The United States Supreme Court ruling moments ago upholding key provisions of federal health care reform means that the rest of the country will continue to move down a path that Massachusetts employers have already walked under the commonwealth’s own health reform law for six years.
That’s good news because the oft-maligned 2006 Bay State reform established a foundation for the market and political changes that now promise to control the soaring cost of health insurance for Massachusetts employers.
The high court ruled in a 5-4 decision that the portion of federal reform that requires everyone to purchase health insurance – the so-called individual mandate - is constitutional. The ruling leaves intact other portions of the law, including tax credits for small business to help them cover the cost of insurance for employees; no-copay preventive care; the ability of children to remain on their parent’s health insurance until age 26; and a prohibition against insurance companies denying coverage to people with pre-existing medical conditions.
The court ruled that the mandate violates the commerce clause of the Constution, but is permissable under the taxing power of Congress.
“Our precedent demonstrates that Congress had the power to impose the exaction in Section 5000A under the taxing power, and that Section 5000A need not be read to do more than impose a tax. This is sufficient to sustain it,” Chief Justice John Roberts wrote in his majority opinion.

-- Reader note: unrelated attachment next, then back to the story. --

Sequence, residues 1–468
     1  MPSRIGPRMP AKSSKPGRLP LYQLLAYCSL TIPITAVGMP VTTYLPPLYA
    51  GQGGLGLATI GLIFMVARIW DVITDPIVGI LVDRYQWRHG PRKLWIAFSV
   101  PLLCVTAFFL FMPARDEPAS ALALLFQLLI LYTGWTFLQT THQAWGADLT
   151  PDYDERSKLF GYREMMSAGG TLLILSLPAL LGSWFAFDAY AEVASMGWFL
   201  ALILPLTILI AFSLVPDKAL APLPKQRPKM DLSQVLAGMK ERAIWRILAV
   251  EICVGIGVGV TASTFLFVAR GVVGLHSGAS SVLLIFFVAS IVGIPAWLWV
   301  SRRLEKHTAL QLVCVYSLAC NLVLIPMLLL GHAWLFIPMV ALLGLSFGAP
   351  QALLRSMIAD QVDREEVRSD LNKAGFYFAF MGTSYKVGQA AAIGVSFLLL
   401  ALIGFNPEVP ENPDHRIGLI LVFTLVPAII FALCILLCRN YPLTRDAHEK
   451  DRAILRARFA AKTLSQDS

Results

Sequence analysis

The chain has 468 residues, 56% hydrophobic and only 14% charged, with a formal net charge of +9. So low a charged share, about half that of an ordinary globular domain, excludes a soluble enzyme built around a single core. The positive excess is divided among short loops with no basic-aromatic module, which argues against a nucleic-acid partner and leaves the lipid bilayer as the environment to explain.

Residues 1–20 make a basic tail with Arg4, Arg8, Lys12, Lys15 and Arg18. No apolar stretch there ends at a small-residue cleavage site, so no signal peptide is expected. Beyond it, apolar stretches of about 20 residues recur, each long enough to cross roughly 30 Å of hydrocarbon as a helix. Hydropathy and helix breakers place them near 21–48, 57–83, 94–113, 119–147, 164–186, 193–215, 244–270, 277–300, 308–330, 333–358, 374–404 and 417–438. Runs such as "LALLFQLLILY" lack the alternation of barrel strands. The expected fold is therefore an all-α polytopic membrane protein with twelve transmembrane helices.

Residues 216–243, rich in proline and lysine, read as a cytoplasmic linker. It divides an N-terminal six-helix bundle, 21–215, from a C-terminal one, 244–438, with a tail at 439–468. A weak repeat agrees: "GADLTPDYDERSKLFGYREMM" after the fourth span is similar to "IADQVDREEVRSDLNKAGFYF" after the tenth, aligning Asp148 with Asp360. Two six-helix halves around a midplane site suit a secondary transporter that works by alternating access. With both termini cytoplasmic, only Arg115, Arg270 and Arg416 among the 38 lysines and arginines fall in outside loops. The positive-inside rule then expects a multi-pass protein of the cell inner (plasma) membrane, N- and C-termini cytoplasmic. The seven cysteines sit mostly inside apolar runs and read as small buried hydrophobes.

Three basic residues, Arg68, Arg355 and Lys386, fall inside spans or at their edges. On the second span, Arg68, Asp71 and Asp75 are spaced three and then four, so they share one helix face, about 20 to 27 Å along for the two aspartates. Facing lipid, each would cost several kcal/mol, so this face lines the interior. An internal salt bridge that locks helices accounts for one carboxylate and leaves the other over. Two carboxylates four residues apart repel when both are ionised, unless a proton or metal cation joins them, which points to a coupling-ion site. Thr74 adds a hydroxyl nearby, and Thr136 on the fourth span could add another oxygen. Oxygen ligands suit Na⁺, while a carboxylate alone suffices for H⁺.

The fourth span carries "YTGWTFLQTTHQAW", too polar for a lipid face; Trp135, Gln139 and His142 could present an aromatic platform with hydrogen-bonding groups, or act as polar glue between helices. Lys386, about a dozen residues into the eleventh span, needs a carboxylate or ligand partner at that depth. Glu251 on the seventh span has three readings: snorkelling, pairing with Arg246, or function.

Massachusetts now faces the task of reconciling the details of the 2006 state reform with the federal law. Some elements of that reconciliation will require legislative action.
The Supreme Court decision also upheld the federal reform law’s Medicaid expansion, though it noted it would be unconstitutional for the federal government to withhold Medicaid funds for non-compliance with the expansion provisions. Massachusetts expects the Medicaid expansion to provide hundreds of millions of dollars in federal dollars to extend coverage to people.
"Nothing in our opinion precludes Congress from offering funds under the ACA to expand the availability of health care, and requiring that states accepting such funds comply with the conditions on their use. What Congress is not free to do is to penalize States that choose not to participate in that new program by taking away their existing Medicaid funding," Roberts writes.
The 2006 law is far from perfect. Providing health insurance to people did not, as experts predicted, significantly reduce usage of expensive hospital emergency rooms. Heavy government intervention was required to control small-group premiums. And even now, AIM is asking the legislature to change the fair-share formula so employees are not penalized for workers who obtain insurance on a spouse’s plan.
But the effort - forged from a sense of shared responsibility among employers, lawmakers, doctors, hospitals, consumers and insurance companies – clearly succeeded in reducing the share of Massachusetts residents without health insurance from 6 percent to 2 percent. It ultimately addressed one piece of the health puzzle – providing people access to care – so the commonwealth could begin to solve the more important piece – reducing the cost of health care and health insurance.